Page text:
Ever drank a good beer from a snifter? Studied carbonation tables for your kegerator? Or quietly snuck down to the basement in the middle of the night to get just one more whiff of hops emanating from the air lock on your fermentor?

My name’s Aaron, and suffice to say, I enjoy fresh and flavorful craft beer. I’ll go far out of my way to get it. Even better, I enjoy making it for my friends and family.

I am a Certified Beer Server through the Cicerone Certification Program, and in addition to managing this site, I’m also a freelance writer and contributor to local Twin Cities media outlets, including Heavy Table and Star Tribune’s Vita.mn.

I originally started this site as a venue to discuss my various home brew experiments. Working in public relations, I spend much of my time writing, so it was a fun diversion to keep my creative juices flowing and communications skills sharp. But over time, the site has grown into much more than that, including feature stories and industry Q&A’s with notable brewers and craft beer advocates, beer reviews, discussions on beer styles and food pairing, and relevant beer news.

It’s also a site focused on local beer happenings in the Minneapolis/St. Paul area. Next to more widely known U.S. craft beer meccas on the coasts, the Twin Cities has a vibrant and growing craft beer community that deserves to be chronicled and appreciated.

Shoot me an email and let me know what you think: amm002blog@yahoo.com

Home Brewing Awards

  • Gold Medal – 2009 Minnesota Renaissance Festival Byggvir’s Big Beer Cup, Eclectic – Fruit Beer category (Raspberry Wheat Stout)
  • White Ribbon – 2009 Minnesota State Fair Home Brew Competition, Fruit Beer category (Raspberry Wheat Stout)
  • Bronze Medal – 2012 Minnesota Renaissance Festival Byggvir’s Big Beer Cup, Specialty Cider (Common Perry)

Additional Beer Writings

My Rating System
There’s as many ways to rate a beer as there are beer drinkers. I’m very familiar with the BJCP rating system, but for the purposes of this site I’ve chosen to assign simple grades to each beverage that I sample, largely because for most of us the A through F grade scale is something we’re pretty familiar with. But I also realize that for folks trying to discern the material differences between an “A-” beer and a “B+” beer, it might be a little abstract. So here’s how I tend to break things down:

  • A+ — World class, deserving of the highest recommendation.
  • A through A- — Strongly recommended, one of the best examples of the style.
  • B+ through B- — Recommended, a solid offering but may have some very minor drawbacks.
  • C+ through C- — Unlikely to recommend, a relatively average offering that may contain flaws or flavor profiles deemed unsuitable (at least for this author).
  • D+ through D- — Not recommended, serious issues in appearance, aroma, flavor, and mouthfeel. What you might call a disaster.
  • F — Not recommended. Avoid at all costs. Go directly to jail…do not pass Go, do not collect $200.
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7 Responses to “About”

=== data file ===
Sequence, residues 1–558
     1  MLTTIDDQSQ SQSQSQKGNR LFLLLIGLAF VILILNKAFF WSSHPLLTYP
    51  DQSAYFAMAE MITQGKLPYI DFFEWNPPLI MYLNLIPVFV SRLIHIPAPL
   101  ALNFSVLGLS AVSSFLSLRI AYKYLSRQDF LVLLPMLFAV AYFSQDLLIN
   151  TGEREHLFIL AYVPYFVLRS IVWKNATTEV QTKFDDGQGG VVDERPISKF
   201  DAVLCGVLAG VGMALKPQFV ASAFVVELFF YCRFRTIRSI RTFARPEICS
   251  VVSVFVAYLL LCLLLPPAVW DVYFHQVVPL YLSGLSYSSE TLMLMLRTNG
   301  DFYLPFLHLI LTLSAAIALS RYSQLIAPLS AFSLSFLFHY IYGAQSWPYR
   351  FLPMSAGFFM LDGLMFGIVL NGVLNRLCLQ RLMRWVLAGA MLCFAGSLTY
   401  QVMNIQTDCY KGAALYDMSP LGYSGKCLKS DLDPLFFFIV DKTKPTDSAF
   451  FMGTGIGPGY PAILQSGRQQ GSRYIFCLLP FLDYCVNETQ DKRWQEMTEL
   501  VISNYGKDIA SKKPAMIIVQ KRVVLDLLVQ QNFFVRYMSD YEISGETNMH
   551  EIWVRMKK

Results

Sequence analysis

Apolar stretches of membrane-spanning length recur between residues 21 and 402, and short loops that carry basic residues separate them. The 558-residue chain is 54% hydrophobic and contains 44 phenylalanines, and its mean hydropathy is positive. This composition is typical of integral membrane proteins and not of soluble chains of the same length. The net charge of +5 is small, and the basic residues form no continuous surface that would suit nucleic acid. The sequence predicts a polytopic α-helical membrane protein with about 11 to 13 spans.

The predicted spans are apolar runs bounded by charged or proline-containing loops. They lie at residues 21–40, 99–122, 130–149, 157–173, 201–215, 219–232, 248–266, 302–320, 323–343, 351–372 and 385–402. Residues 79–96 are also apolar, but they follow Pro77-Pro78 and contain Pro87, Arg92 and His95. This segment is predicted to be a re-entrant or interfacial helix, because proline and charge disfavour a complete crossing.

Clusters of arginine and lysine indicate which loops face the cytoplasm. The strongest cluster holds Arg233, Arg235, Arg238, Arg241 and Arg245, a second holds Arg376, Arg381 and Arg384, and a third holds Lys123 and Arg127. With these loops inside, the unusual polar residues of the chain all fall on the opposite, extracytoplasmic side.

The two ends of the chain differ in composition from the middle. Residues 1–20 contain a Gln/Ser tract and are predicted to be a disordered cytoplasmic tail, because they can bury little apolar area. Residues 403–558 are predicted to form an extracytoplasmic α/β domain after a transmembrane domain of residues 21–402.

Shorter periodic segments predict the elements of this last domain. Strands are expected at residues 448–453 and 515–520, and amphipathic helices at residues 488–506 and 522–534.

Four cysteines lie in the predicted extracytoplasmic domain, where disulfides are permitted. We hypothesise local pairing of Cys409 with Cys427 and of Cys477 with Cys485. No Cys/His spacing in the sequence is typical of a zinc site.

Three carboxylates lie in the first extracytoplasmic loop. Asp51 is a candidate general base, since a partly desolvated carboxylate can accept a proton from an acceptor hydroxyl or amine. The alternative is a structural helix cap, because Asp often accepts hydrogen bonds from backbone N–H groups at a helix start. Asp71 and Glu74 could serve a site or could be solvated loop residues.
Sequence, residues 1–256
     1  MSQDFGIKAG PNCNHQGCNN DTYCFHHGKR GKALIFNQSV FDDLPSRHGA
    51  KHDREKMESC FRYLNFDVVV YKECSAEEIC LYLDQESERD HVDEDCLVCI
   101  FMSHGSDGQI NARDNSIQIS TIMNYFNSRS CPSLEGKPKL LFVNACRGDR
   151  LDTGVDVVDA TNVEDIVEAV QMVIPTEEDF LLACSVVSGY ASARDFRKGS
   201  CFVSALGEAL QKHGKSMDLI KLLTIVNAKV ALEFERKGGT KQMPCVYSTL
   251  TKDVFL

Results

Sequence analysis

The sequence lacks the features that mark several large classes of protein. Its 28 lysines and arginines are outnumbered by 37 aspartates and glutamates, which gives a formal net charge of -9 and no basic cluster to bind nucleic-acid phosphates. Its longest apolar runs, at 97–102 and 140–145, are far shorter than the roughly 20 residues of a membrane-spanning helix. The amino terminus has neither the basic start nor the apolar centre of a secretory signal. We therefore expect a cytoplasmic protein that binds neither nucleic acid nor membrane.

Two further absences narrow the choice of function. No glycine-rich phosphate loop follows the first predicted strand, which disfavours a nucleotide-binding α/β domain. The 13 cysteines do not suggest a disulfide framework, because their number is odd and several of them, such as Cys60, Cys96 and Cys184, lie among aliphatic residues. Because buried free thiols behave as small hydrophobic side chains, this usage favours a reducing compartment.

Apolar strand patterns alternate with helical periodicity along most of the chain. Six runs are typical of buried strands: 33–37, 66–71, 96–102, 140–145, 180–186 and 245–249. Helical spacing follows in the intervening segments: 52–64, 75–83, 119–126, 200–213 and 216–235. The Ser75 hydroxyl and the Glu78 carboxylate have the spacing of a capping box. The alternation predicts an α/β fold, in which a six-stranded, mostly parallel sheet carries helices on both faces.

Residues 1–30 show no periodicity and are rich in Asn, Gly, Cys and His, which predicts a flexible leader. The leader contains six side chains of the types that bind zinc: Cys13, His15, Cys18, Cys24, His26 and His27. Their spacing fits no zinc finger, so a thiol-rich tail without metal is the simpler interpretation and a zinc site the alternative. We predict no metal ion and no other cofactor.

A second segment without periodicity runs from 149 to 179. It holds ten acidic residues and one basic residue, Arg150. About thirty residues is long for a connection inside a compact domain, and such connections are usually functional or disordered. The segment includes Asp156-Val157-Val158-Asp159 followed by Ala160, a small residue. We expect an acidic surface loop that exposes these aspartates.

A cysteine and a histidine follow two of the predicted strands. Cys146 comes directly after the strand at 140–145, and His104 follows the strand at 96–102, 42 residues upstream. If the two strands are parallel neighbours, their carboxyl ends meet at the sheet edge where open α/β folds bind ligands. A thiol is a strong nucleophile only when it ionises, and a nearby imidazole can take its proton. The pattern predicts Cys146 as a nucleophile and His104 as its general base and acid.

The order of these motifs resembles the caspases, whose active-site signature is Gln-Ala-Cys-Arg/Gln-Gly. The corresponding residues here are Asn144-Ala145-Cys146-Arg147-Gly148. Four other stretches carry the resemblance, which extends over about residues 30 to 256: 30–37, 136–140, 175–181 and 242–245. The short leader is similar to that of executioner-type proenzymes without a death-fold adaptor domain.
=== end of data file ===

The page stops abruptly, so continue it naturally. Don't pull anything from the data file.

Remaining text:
1. Josh Says:

    I am new to beer and even newer to blogging. Just made my 2nd homebrew (a small kit, will expand later) and I dangerously immersing myself into the wonderful world of beerdom. The southwest seems a good place to be these days. I love your blog so far and look forward to devoting more time to studying it. Please, please, please, see my most recent post and contribute an idea or three. Muchas gracias.

    -Josh

  2. Caitlin Says:

    Really enjoying your blog – thank you! I am wondering if you know anything about distributing homebrew commercially – at bars. I am opening a bar and had a thought of featuring homebrews from locals. I’m sure there are liability issues with serving a beer that isn’t commercial but I wanted to see if you had any ideas of feedback.

    Thank you!

  3. amm002 Says:

    Caitlin, thanks, appreciate that!

    I’m not an expert on distribution laws but I know homebrewers are not allowed to sell their beer commercially, period. The state of MN requires commercial brewers to possess a permit/license to brew and sell beer. This does not include homebrewers, so I’d guess you would probably have a hard time getting your idea to work since the state and distributors would want a cut of the revenue involved. This doesn’t even get into any federal issues with the ATF, which would likely consider you a moonshiner if you sold beer produced without license, whether you brewed it or not. I have heard, however, of bars hosting homebrew competitions, but the beer isn’t for sale to the public, people can sample it for free as part of the competition (the Black Forest Inn just did something like this a couple months ago).

  4. Scot Says:

    I am wondering if homebrewers can distribute for beer fests non profti if they would like people to sample their brew? We have made an excellent Russian style Tinkov beer and it would be interesting if could consider marketing it, any suggestions? Thanks from San Luis Obispo cleaning services

  5. amm002 Says:

    Scot, it’s not about profit, it’s about selling the beer without a license. I’m not aware of any state that would allow an unlicensed brewer to sell product to the public.

  6. Maggie Says:

    Aaron – I want to commend you on the beauty of your website. It is really lovely. I love the photo of the hops flowers.

    I am in the Bay Area. Otherwise I would want you to be tasting my beers and rating them. Maybe you can try one of my recipes sometime. I’m going to try some of your.

    Brewess.wordpress.com


  7. Trying to reach you for permission to use your photo (dsc07021.jpg). We own Hell’s Kitchen and would like to publicize your fabulous blog to our own blog readers. Excellent work…kudos from Hell.
    Credit info? (of course this is a last-minute request; blog gets posted Wed)

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